Bradley and Campbell both confident
Before Timothy Bradley Jr. won his junior welterweight title, he was scheduled to fight an elimination bout against Jose Luis Castillo in Cancun, Mexico, in March 2008.
Unfortunately for Bradley, Castillo failed to make weight, and the fight and his payday were canceled. So Bradley went to the show as a spectator and watched Nate Campbell pull a major upset in the main event when he outpointed Juan Diaz to claim three alphabet lightweight belts.
Bradley remembers being ringside for the fight and how impressed he was with what he saw from Campbell as he dominated the much younger Diaz in the best performance of his career.
"I couldn't believe it," Bradley said. "I actually lost money on that fight. I bet my [co]-promoter, Alex Camponovo, that Juan would be able to come back. When I saw Nate put his hands on Juan, I was like, 'Wow, this dude is unbelievable.' I was like, 'I would never want to get in the ring with that dude.'"
So guess what happened? Bradley went on to win a world title by outpointing Junior Witter on his home turf in England, made two defenses and now finds himself about to "get in the ring with that dude."
"It came down to it," Bradley said. "Basically, to be the best you've got to beat the best. I consider Nate Campbell one of the best fighters at 140 pounds. That's why I'm taking this challenge. I want to be the best fighter in the world at 140 pounds and I have to beat Nate Campbell to do that."
Bradley (24-0, 11 KOs) and Campbell (33-5-1, 25 KOs) will meet at Agua Caliente Casino Resort Spa in Rancho Mirage, Calif. -- minutes from Bradley's hometown of Palm Springs -- on Saturday night (Showtime, 9 p.m. ET/PT).
In the televised opener, St. Louis' Devon Alexander (18-0, 11 KOs) faces Witter (37-2-2, 22 KOs) for one of the belts Bradley vacated after beating Kendall Holt to unify titles in April.
Bradley, 25, said that although he was surprised by how easily Campbell beat Diaz, he's no Diaz.
"I'm not one-dimensional," Bradley said. "He can't box and he can't adjust in the ring. That's what makes me confident because I can do it all. I can box, I can bang, and I can stand there and trade with you. I can move the fight, too. I can make my adjustments in the ring and that's what makes me so confident."
AP Photo/THE CANADIAN PRESS - Ryan Remiorz
Timothy Bradley, right, knows a thing or two about making adjustments.
Campbell is also confident even though he is moving up in weight.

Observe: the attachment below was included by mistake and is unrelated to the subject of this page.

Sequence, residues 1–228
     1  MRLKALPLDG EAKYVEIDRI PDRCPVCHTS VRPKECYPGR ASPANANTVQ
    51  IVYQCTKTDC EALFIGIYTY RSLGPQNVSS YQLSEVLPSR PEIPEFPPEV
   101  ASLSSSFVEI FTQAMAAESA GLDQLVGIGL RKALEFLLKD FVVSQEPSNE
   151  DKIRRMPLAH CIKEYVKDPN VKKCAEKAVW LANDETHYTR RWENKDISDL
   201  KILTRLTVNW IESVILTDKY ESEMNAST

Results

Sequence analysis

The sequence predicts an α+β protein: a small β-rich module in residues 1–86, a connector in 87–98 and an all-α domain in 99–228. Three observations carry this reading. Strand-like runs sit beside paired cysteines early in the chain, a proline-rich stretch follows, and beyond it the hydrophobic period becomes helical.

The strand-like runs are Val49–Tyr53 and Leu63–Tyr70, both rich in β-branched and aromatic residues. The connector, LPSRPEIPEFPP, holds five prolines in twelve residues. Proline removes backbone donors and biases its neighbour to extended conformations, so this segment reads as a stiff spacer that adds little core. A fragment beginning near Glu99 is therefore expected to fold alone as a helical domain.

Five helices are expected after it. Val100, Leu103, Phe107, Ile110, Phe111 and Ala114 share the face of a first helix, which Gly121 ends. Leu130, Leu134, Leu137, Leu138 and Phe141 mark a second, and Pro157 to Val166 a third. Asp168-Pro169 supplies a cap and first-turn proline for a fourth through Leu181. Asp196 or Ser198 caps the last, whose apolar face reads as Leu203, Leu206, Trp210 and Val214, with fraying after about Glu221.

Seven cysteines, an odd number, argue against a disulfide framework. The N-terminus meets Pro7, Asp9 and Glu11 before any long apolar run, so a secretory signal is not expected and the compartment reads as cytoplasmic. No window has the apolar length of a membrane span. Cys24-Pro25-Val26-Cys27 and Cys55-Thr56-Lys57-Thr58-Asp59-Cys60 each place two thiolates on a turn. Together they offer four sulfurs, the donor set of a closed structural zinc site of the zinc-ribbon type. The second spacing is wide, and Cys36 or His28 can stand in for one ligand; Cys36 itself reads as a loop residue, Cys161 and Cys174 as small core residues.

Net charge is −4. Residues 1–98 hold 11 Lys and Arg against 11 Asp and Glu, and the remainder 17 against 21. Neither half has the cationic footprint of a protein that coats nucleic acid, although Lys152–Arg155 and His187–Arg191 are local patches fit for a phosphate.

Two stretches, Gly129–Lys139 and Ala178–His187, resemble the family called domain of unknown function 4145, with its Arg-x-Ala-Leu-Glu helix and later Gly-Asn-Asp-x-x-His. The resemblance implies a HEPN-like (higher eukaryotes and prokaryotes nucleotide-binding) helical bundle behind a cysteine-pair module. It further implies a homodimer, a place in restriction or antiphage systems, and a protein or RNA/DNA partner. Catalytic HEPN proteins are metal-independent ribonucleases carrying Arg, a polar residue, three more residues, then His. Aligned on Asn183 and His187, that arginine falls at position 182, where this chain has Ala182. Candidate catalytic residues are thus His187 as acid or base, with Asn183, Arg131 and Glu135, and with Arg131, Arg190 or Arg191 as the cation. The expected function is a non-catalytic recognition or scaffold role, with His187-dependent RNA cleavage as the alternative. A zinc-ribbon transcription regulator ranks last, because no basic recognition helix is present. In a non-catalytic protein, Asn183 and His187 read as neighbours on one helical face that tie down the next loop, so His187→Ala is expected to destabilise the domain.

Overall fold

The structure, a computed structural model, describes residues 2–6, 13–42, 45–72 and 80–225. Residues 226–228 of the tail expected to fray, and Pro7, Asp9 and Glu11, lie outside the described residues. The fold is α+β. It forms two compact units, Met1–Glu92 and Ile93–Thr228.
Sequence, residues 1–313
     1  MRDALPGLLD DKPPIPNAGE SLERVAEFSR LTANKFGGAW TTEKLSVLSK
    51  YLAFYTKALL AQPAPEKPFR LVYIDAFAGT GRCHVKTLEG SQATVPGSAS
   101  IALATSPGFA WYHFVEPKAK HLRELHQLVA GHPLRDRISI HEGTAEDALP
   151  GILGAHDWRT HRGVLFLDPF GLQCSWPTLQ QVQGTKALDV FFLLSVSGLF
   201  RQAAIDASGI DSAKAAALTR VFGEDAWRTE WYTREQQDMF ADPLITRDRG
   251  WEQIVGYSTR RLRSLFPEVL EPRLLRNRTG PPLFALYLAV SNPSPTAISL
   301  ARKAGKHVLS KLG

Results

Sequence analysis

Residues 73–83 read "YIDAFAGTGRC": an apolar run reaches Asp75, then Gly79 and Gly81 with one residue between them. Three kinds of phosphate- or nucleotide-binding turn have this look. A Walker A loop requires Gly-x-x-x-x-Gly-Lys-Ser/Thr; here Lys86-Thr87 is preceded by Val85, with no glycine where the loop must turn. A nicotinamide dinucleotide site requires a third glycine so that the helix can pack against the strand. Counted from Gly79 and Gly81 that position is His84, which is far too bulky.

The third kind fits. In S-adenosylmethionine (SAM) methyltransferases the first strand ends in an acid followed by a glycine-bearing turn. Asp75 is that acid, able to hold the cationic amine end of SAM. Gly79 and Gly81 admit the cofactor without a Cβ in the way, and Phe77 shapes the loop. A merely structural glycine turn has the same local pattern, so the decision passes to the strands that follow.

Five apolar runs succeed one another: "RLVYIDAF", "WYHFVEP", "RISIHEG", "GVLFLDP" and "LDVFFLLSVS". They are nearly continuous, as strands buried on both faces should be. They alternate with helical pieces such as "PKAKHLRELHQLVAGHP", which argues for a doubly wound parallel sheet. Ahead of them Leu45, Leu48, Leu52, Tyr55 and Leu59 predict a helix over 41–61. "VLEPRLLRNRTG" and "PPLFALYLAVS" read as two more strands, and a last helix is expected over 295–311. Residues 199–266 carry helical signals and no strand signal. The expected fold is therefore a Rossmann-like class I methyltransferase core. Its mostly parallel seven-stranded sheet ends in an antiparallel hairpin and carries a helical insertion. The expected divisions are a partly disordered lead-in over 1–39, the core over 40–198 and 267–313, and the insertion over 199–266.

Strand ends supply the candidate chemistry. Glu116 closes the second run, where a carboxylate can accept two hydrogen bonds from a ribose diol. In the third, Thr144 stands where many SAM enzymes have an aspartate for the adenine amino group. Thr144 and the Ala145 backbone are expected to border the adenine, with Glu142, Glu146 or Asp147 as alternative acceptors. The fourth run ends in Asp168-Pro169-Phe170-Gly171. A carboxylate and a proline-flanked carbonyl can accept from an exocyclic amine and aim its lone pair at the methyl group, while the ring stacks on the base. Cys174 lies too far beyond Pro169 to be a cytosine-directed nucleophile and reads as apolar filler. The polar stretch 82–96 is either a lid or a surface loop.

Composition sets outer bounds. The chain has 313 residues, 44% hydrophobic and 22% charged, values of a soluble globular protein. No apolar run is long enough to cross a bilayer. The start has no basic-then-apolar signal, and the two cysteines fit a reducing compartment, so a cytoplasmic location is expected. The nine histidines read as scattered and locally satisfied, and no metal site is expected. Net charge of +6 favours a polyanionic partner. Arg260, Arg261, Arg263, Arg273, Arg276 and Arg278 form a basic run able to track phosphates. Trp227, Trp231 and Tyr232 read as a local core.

"Every fight for me is the fight of my life. Because of the danger that I carry in the ring, no one wants to fight me anyway," he said. "I'm just a fighter, that's what I do. When the bell rings, I fight. I make adjustments. I think I'm one of the most complete fighters in boxing. I can do anything I want whenever I want to do it. I'm an angry guy to deal with."
Campbell has fought only once since beating Diaz. He was supposed to make a mandatory defense against Joan Guzman last fall, but Guzman failed to make weight, refused to participate in a nontitle bout, and it was canceled. In February, Campbell failed to make weight for a mandatory against South Africa's Ali Funeka and was stripped of the titles, but he won a close decision in a nontitle bout.
Although Campbell has had only one fight in 17 months and is 37, he said people make too big a deal about his age.
"I really don't understand why people worry about my age," he said. "I was 25 years old the first time I fought. I've taken care of my body. I don't drink, I don't smoke. I've been an athlete my entire life. Even when I wasn't participating in sports, I was always athletically involved in something. I don't think I have too much to prove to the fans. It's just the media that makes those kinds of statements. As you all know, fighters are fighting longer and better."
Campbell also shrugs off issues related to his moving up in weight and fighting in Bradley's backyard.
"I turned pro as a featherweight, but I was fighting at welterweight. Not because I couldn't make featherweight, but because I couldn't get fights at featherweight," Campbell said. "So I was fighting and getting knockouts at a higher weight, 147, 140 and 135. In my case, I'm stronger than I've ever been at 140. I'm really, really strong 140 right now. I'm going to be here for a while."